I am confused about the relationship between the quantifier complexity of formulae in the language of arithmetic and the computational classification of the sets those formulae define.
Specifically, my question can be boiled down to asking whether or not adding the minimization operator $μ$ to a primitive recursive formula always produces a $Δ^0_1$, total computable function. If this is the case, what is the proof, what guarantees the minimization always returns a value? If this is not the case, how does this not violate Post’s theorem?
What is confusing to me is that the minimization operator seems to perfectly correspond to an unbounded existential quantifier in my mind, i.e. they both are recursively enumerable but not recursive. If the number we’re looking for exists, an unbounded search will find it after a finite time. But if the number doesn’t exist, we will search forever. The minimization operator is often introduced in the context of loops. $Δ^0_1$ formulae have bounded quantifiers so they are clearly analogous to for loops, while the minimization operator is analogous to a while loop. But while loops are not guaranteed to halt (“while false, loop”), so how does fixing a minimization operator to a primitive recursive formula always produce a $Δ^0_1$ formula? If it doesn’t always, then the general recursive functions are not closed under minimization, which I thought was the point of the formalism, and we have general recursive functions which are $Σ^0_1$ which contradicts both my understanding of what Post’s theorem says and the definition of general recursive.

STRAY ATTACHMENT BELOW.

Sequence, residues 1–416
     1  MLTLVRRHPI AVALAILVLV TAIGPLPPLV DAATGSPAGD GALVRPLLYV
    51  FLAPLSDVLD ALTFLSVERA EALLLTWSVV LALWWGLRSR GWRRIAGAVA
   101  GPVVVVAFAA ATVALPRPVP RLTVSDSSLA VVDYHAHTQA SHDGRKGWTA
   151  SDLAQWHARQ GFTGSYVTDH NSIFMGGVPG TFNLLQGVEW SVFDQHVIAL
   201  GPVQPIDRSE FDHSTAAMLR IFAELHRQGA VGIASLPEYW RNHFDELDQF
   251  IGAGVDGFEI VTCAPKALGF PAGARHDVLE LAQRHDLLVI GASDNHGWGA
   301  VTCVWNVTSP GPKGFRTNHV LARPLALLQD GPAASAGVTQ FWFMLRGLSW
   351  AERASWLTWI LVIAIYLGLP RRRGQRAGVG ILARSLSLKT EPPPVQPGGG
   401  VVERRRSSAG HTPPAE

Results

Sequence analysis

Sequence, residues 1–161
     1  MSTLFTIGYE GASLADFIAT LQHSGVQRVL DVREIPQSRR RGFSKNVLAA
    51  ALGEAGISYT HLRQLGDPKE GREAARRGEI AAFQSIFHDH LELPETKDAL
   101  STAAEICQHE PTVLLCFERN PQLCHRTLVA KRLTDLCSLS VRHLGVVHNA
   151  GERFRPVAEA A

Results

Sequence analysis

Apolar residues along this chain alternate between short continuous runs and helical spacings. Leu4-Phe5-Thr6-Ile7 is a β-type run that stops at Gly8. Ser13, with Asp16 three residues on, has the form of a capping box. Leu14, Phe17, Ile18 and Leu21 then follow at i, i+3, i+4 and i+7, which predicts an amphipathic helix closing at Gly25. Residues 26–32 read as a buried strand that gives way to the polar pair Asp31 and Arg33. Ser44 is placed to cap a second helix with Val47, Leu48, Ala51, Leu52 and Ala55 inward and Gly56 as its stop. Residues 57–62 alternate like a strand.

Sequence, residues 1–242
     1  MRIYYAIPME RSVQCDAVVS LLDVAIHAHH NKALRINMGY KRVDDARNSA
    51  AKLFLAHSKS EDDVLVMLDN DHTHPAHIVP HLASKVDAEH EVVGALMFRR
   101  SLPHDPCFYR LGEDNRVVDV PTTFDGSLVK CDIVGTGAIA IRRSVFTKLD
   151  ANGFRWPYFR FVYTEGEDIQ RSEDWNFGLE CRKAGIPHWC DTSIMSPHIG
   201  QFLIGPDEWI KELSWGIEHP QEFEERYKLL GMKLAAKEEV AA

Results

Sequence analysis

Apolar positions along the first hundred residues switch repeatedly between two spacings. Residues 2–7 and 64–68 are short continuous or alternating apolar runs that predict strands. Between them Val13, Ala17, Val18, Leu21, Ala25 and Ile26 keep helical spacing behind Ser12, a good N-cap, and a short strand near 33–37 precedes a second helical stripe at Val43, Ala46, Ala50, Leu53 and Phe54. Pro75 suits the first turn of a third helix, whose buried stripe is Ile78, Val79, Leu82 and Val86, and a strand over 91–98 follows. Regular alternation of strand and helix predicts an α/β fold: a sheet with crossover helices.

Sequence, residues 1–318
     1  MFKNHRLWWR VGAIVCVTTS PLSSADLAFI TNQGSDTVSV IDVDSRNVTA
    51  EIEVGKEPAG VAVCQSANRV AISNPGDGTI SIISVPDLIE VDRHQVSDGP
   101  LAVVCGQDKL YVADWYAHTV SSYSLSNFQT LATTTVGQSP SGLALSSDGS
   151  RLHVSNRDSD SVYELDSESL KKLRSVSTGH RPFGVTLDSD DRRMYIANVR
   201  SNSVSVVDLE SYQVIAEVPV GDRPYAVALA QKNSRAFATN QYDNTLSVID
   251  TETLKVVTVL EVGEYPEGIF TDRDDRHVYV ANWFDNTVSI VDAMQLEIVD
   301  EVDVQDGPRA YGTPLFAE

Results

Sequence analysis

My only idea of how this could be solved is that, given Kleene’s normal form theorem, we know that we only need one use of minimization, which means we can always make the formula the minimization is attached to primitive recursive, and that somehow guarantees that the value the minimization is searching for will exist so it won’t loop forever, but I don’t know why that would be true if it is true. I guess the other option is that I do not understand Post’s theorem, or “general recursive/computable”. I always thought “general recursive/computable” meant the total functions closed under the primitive recursive functions and minimization, not the (non total) partial functions. As in, I thought the general recursive functions were the functions which are recursively enumerable and their complements are recursively enumerable, but not the functions which are recursively enumerable but whose complements are not recursively enumerable.
I know that I’m wrong about something, probably multiple things, but I cannot find an explicit answer to these questions in any textbook I have access to. What am I missing?